Part of the beauty of PC gaming is enjoying the best graphics the industry has to offer. But when you’re suffering from a low frame rate, it’s hard to enjoy a game at all.
Whether your latest purchase isn’t running smoothly on your PC, or you suddenly find games struggling to perform, we’re here to help. Here’s how to fix low FPS issues in Windows and get back to high-quality gaming.
How to Fix Low Frame Rate: The Basics
First, let’s look at a few fundamental fixes you should perform. In many cases, when you wonder why your FPS is so low, these tweaks will make a big improvement.
1. Update Your Drivers
Drivers are special pieces of software that handle the interface between your software and hardware. Normal PC users don’t often need to worry about updating them but running out-of-date drivers can hamper gaming performance.
Follow our guide to finding and replacing outdated driversto make sure everything on your system is current. In particular, you should make sure the chipset and graphics drivers are up to date.
To update your GPU driver, visit Nvidia’s driver page or AMD’s driver page, depending on what graphics card you have. If you play on integrated graphics, run Intel’s driver update tool (though remember that integrated graphics will severely limited gaming performance).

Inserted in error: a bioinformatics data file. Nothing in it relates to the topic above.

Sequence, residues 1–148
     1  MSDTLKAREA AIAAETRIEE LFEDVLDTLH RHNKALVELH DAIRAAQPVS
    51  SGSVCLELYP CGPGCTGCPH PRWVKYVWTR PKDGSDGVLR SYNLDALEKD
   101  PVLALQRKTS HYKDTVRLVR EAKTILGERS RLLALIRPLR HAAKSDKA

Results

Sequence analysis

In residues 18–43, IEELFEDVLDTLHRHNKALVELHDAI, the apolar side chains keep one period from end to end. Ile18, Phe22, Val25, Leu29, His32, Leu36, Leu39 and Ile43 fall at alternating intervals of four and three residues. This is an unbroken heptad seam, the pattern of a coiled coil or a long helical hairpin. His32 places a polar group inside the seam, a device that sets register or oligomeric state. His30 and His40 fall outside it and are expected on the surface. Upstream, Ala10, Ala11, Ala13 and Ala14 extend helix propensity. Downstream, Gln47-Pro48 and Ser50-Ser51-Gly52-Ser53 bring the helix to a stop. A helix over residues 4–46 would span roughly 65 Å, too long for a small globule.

Instead of downloading manually, Nvidia and Intel both offer software utilities that make downloading the latest drivers easy. You can download these on the driver pages above, which we recommend doing. In addition to letting you know when a new update is available, they give you access to more tweaks and features.
2. Close Unnecessary Background Programs
When you’re playing a game, especially demanding modern titles, it’s a good idea to close other processes that you don’t need. This frees up resources that your computer can dedicate to the game.
You can do this quickly by closing anything that’s open on your Taskbar. It’s worth checking the System Tray at the right side of the Taskbar for background processes, too.
To dive a little deeper and see what’s using up resources, press Ctrl + Shift + Esc to open the Task Manager. Click More details if needed to expand it, then you can see what’s using resources on the Processes tab. Anything using a significant amount of the CPU, memory, or your GPU will likely harm game performance. Close those before you start your game.
3. Defragment Your HDD
Most gamers have likely upgraded to a solid-state drive (SSD) by now. But in case you’re still using an HDD, you should make sure the disk is defragmented. If you use an SSD, you should not defragment, as doing so can shorten the life of your drive.